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Philosophy: Who Needs It Mass Market Paperback – November 1, 1984
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About the Author
Born February 2, 1905, Ayn Rand published her first novel, We the Living, in 1936. Anthem followed in 1938. It was with the publication of The Fountainhead (1943) and Atlas Shrugged (1957) that she achieved her spectacular success. Rand’s unique philosophy, Objectivism, has gained a worldwide audience. The fundamentals of her philosophy are put forth in three nonfiction books, Introduction to Objectivist Epistemology, The Virtues of Selfishness, and Capitalism: The Unknown Ideal. They are all available in Signet editions, as is the magnificent statement of her artistic credo, The Romantic Manifesto.
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In this collection of essays, Rand explains her metaphysical framework, explains her qualms with Immanuel Kant’s thought, and more. For those wondering what Rand’s reason for her philosophical positions, after having read “Atlas Shrugged” and “The Fountainhead,” she gives important discussion and explication of her philosophical views.
One intelligent criticism that can and should be brought to this collection of essays is that Rand does not systematically lay out and exposit her philosophy. To some degree, this is understandable on two fronts: she didn’t intend to produce a system, at least in this text, but to provide helpful essays to supplement her novels; and because she was not trained as a professional philosopher, only up to the undergraduate level, albeit obviously well educated. On this second point, the trade off with Rand’s philosophy is a lack of rigor for the sake of originality.
My general recommendation is as follows: For those who enjoy fiction, just read “Atlas Shrugged” and/or “The Fountainhead.” There’s little denying that “Atlas” is her more popular novel, and it certainly is denser in philosophical content, but “The Fountainhead” is my favorite. For those not wishing to make the commitment to thousands of pages of novel, then I have suggestions on the basis of what one is looking for: if you want the hardcore philosophy, “The Objectivist Epistemology” is the way to go; if you want a less hardcore, general introduction to her philosophy, read this text, “Philosophy: Who Needs It,” and “For the New Intellectual.” Rand’s most potent work, arguably as potent as her book on epistemology, is “The Virtue of Selfishness,” which some philosophers holding diametrically opposed positions have remarked upon its force. Otherwise, I recommend all of Ayn Rand’s texts to anyone want a firm grounding in a philosophy that pertains to the real world, not just the ethereal real of ideas, per se.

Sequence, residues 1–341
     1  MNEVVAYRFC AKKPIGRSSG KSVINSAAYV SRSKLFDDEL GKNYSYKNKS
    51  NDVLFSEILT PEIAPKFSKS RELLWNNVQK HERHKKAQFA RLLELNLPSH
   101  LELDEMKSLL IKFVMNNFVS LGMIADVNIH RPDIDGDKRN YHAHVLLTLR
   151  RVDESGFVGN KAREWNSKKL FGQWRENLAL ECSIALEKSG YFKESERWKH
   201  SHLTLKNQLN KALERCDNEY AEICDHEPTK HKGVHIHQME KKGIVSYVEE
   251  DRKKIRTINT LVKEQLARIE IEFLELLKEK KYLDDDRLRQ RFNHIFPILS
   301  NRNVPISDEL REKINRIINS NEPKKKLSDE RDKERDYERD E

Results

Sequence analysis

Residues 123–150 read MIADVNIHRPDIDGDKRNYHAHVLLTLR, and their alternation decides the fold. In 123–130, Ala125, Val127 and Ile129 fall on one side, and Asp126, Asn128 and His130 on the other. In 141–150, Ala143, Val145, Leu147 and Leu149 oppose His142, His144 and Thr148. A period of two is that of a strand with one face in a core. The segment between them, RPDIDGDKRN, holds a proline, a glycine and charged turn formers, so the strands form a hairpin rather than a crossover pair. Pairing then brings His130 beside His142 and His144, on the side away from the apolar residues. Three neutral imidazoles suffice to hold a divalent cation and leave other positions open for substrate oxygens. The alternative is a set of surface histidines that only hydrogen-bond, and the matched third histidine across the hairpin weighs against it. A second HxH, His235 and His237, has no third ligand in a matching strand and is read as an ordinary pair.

I think some people are intimidated by her staunch rationality, her black and white thinking. Ayn Rand's writing perspective (her voice) is very strong: some folks take it to mean "I am right and you are wrong!" She was a severe rationalist, so people more attuned to their feelings and emotions will have more trouble accepting her ideas; while fellow rationalists will absorb it and relate far more readily.
Here's a free one: she never said to repress emotions. She said they are not good indicators for making choices. Of course if you're deciding what color bridesmaid dresses to get for your wedding, go ahead and think about it with your emotions--I'm sure green does make you FEEL different than brown. However, if you are investing in a company or signing a congressional act into law, for god-sake, don't let it be swayed by the color of the logo or how it makes you feel--it should be an act of the rational mind weighing all the concretes.
If you read this book with the intent of acquiring knowledge, you will not be disappointed. There are not many books I can point to and sincerely say that it "changed my life," but this is one of them.
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The book is a collection of articles written mostly in the early to...Read more